According to PRS Legislative Research data, “In the 16th Lok Sabha (during the first Modi regime), 25 per cent of the Bills introduced were referred to Committee, much lower than 71 per cent and 60 per cent in the 15th and the 14th Lok Sabha respectively.” As per news reports, no Bills have been sent to a parliamentary select committee by the present Modi regime.

The premier non-profit research institute that studies the Indian legislative process rightly highlighted the significance of such a parliamentary procedure in a report on the 16th Lok Sabha (2014-2019), “Due to time constraints, it is not possible for each MP to discuss and scrutinise all Bills in the House. Committee allow for detailed scrutiny of legislation, provide a forum for feedback from various stakeholders, and act as a consensus building platform across political parties.”

What is interesting, though, is that compared to the ten years of UPA, the last term of parliament under Modi had discussed Bills for a longer period. As per PRS data, while 32% of the Bills were discussed “for more than three hours in the Lok Sabha” during the first term of Modi rule, during the UPA I and UPA II regimes, it was 14% and 22% respectively.

Also read: If We Really Want a New Parliament Building, it Should Reflect the Spirit of Democracy

Also, two sets of data perhaps also point to two other features of parliament sessions in the last Modi regime. With the PRS data showing that Bills passed under half an hour “have decreased significantly from 26 per cent in the 15th Lok Sabha to six per cent in the 16th Lok Sabha”, it possibly could be that the opposition MPs did engage with each Bill brought in by the BJP government to parliament.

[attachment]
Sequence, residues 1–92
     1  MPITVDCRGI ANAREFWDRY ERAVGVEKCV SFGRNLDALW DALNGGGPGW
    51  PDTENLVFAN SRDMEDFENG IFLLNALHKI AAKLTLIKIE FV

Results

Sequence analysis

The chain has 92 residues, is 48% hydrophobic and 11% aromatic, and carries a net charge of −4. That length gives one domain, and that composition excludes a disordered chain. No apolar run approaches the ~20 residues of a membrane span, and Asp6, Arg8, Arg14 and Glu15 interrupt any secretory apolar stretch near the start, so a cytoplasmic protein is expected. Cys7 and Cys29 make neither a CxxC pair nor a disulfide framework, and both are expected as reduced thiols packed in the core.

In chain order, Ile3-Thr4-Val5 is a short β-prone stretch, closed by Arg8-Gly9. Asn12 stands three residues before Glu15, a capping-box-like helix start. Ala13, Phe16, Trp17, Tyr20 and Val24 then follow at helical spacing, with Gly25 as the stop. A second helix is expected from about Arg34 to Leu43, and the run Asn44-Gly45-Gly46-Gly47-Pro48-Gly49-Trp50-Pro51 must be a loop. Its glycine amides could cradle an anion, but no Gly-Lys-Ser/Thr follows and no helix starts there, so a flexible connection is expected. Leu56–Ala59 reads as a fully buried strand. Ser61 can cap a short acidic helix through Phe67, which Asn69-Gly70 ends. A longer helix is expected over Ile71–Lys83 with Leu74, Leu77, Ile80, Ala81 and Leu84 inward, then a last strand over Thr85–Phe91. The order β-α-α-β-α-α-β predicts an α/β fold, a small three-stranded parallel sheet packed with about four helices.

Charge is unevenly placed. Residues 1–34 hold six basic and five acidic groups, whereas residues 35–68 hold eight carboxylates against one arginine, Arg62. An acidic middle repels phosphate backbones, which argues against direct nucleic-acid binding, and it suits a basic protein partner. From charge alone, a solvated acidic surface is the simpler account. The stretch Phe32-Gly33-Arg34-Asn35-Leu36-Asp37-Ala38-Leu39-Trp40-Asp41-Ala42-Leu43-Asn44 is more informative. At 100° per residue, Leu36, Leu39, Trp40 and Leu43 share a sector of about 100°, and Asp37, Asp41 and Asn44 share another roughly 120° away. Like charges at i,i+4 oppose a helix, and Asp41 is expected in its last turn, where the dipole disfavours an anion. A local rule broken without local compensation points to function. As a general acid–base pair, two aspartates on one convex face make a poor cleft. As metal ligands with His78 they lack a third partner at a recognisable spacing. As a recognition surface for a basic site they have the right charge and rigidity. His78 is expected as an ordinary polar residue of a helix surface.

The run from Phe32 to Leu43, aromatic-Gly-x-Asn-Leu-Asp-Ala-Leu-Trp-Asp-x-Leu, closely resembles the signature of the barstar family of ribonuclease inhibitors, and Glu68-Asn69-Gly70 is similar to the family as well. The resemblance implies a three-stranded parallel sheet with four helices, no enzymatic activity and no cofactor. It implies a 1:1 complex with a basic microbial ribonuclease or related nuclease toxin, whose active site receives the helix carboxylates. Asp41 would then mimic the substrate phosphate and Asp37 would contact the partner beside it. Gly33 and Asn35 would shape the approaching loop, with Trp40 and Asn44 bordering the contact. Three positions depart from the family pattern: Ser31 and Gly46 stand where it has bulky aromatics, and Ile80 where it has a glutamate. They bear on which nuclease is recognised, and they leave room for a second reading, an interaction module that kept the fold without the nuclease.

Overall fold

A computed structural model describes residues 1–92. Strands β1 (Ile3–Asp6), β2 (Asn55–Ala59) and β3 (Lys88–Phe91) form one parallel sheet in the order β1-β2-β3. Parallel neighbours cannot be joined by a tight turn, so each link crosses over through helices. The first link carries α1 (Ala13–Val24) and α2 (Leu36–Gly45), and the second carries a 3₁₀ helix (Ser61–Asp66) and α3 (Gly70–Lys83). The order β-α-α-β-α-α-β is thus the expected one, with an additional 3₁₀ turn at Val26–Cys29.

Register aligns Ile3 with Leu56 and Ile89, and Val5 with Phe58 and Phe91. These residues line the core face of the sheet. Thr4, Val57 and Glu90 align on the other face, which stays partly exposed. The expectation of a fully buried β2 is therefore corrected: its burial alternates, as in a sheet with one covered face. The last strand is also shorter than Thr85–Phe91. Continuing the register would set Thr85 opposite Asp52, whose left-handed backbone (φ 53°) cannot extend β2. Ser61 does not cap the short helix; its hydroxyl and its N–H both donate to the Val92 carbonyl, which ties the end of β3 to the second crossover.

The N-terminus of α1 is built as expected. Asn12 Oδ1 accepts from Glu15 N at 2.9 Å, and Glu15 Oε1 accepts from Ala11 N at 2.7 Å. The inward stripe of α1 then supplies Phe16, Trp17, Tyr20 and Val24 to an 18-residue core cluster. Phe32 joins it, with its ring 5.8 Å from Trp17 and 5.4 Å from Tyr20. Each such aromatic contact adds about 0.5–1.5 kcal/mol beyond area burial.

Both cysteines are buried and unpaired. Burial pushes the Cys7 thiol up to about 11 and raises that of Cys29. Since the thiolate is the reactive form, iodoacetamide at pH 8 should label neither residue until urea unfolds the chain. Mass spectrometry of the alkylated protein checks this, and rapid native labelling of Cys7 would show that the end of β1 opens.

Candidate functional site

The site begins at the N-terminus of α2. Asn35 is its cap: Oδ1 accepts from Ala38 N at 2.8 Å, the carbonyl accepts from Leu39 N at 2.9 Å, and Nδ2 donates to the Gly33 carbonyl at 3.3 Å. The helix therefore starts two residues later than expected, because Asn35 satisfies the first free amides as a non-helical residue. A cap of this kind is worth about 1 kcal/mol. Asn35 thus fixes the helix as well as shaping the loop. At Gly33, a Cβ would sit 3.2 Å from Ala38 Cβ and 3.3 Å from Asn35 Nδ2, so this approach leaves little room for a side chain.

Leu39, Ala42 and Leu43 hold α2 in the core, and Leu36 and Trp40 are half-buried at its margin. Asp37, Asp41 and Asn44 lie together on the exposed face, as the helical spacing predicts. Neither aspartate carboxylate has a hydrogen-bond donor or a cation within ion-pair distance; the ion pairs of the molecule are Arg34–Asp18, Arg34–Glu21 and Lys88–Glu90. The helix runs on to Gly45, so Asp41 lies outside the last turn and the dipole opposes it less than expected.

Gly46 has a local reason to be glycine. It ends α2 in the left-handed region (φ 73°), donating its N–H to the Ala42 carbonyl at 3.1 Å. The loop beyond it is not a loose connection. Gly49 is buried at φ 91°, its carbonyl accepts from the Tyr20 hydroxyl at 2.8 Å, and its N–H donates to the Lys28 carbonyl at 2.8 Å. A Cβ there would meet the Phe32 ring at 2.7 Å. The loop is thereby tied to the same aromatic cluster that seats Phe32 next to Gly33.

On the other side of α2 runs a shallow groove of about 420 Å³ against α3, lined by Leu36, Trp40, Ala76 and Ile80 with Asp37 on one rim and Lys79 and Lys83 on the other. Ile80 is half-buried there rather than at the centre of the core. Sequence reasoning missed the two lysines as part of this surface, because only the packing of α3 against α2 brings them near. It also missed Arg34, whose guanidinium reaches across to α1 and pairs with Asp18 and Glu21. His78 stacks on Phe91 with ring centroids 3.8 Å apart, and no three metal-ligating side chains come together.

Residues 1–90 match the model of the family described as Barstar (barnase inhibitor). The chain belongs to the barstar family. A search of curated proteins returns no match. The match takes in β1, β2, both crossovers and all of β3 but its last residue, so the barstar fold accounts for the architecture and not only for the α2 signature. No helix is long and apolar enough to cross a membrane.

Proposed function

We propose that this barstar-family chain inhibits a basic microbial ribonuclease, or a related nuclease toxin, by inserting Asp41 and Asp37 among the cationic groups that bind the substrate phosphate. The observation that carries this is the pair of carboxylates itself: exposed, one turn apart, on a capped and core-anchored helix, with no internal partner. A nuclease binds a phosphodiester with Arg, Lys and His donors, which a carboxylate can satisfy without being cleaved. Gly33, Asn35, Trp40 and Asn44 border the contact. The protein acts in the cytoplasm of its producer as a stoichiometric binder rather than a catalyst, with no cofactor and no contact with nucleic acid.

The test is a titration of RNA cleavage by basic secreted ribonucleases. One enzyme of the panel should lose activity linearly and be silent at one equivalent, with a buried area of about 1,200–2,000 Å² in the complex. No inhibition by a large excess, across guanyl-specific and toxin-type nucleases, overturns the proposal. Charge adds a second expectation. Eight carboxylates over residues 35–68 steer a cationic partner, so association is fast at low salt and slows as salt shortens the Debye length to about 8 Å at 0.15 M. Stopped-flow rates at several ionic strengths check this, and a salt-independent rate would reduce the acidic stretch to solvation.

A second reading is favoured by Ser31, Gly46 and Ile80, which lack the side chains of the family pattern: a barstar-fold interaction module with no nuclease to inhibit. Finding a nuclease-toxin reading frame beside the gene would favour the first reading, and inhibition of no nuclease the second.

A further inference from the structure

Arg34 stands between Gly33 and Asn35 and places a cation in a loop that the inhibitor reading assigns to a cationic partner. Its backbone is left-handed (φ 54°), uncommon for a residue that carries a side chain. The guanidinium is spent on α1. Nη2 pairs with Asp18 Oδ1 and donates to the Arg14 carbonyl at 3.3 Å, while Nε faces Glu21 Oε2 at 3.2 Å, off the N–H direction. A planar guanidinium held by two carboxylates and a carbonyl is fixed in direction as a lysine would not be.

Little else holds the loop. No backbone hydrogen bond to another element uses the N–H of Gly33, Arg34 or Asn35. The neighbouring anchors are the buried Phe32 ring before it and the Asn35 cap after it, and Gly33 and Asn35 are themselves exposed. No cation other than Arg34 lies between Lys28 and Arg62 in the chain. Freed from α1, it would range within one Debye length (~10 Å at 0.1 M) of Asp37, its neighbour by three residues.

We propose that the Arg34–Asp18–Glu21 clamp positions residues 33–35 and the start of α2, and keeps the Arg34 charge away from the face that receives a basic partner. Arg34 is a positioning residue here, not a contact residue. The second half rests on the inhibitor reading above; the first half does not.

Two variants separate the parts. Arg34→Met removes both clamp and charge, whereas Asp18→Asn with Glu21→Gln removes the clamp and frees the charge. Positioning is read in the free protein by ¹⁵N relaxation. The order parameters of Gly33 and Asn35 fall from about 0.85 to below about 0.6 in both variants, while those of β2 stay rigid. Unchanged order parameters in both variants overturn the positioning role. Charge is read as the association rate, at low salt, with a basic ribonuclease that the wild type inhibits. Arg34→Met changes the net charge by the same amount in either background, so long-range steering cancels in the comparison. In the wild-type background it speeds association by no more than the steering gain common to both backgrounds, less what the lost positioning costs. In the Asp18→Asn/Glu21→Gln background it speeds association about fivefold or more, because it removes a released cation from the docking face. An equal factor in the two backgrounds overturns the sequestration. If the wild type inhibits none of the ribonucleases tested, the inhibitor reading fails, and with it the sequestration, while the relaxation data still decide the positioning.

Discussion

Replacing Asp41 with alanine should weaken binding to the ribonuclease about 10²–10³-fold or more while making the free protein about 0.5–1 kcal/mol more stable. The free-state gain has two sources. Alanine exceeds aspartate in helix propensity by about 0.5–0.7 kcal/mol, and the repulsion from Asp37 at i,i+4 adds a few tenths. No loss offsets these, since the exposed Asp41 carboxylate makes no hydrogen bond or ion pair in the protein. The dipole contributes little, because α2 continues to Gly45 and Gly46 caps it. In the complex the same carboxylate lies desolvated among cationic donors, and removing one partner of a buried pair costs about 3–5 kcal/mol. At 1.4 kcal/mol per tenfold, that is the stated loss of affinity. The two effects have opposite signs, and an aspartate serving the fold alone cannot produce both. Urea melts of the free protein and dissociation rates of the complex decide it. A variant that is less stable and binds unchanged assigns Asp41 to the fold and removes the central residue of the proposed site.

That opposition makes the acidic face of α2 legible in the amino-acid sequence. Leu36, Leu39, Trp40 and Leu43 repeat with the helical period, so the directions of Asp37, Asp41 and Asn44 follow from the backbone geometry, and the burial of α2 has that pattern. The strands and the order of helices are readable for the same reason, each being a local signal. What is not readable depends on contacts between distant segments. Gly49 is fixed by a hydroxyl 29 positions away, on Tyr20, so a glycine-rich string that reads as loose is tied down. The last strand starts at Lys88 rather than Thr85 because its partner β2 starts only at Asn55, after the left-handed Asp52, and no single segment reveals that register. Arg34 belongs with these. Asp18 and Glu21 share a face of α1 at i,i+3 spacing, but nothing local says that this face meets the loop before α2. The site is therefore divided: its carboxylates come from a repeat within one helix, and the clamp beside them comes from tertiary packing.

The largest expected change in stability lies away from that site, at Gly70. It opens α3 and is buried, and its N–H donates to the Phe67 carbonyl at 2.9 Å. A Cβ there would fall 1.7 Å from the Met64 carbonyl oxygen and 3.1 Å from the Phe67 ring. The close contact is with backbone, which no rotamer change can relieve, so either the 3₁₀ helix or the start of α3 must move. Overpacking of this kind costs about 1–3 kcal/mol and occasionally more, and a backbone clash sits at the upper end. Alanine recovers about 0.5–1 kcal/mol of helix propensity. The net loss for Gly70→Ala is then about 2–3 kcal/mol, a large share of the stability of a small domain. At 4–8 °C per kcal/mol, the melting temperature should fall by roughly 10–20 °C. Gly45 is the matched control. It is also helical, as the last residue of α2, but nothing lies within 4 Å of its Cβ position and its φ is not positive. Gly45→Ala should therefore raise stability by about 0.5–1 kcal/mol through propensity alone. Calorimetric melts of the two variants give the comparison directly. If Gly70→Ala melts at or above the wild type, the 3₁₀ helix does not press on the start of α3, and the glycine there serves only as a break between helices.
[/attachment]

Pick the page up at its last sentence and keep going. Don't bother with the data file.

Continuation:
Additionally, in the 16th Lok Sabha, the Modi government succeeded in passing 133 Bills, “15 per cent higher than the previous Lok Sabha”. It provides a hint about the present regime’s concerted effort at legislating more laws than the previous regime. Also, the highest number of Bills passed among these 133 Bills were related to financial sector.

Parliament, aside from making laws, also approves the annual Budget that the ruling government brings before it. What is to be pointed out is that while 17% of the budget was discussed at the floor of parliament, which was more than the UPA regimes, during the 2018-19 Budget, “100 per cent of the demands were passed without discussion”. The last time this happened was was during the 2004-05 and 2013-14 budgets, as per PRS data.

No questions, please

The September 22 action of the deputy chairman aside, the present monsoon session of parliament will go down in history also for the abolition of question hour – a vital arm of parliamentary democracy. An hour is allotted every morning during a session for MPs to ask questions to the government of the day and thereby hold it accountable for its actions.

If we look at the available data from the last four Lok Sabhas, the functioning of the question hour, on an average, was only 59% of the allotted time. It has been particularly decreasing at the Upper House. In the 15th and the 16th Lok Sabha, only 41% of the question hour was used in the Rajya Sabha.

Also read: We All Know That India Is a Democracy. So No Questions, Please.

It must also be added that citing the COVID-19 pandemic, the Modi regime has already robbed all MPs of their local area development funds (MPLAD). This will particularly affect the opposition MPs who, being out of power, will also have no say in any development work in his/her area. This means that a member of parliament is not able to function as per set procedure even after he/she is a voters’ choice as their representative.